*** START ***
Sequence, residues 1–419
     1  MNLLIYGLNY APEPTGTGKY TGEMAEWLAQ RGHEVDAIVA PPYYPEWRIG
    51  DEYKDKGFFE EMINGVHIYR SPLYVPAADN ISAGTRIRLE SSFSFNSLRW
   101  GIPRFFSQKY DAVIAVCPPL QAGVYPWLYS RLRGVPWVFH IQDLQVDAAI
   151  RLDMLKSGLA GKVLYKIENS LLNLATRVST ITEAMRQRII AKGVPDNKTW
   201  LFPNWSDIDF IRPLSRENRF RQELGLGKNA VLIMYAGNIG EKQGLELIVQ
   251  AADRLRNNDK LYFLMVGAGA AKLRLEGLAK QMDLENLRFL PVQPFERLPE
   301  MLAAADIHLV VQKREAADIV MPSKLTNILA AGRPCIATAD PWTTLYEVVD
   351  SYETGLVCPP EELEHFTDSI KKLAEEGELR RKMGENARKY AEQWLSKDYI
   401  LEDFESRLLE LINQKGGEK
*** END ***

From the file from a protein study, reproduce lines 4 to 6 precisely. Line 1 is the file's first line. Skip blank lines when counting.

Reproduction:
   101  GIPRFFSQKY DAVIAVCPPL QAGVYPWLYS RLRGVPWVFH IQDLQVDAAI
   151  RLDMLKSGLA GKVLYKIENS LLNLATRVST ITEAMRQRII AKGVPDNKTW
   201  LFPNWSDIDF IRPLSRENRF RQELGLGKNA VLIMYAGNIG EKQGLELIVQ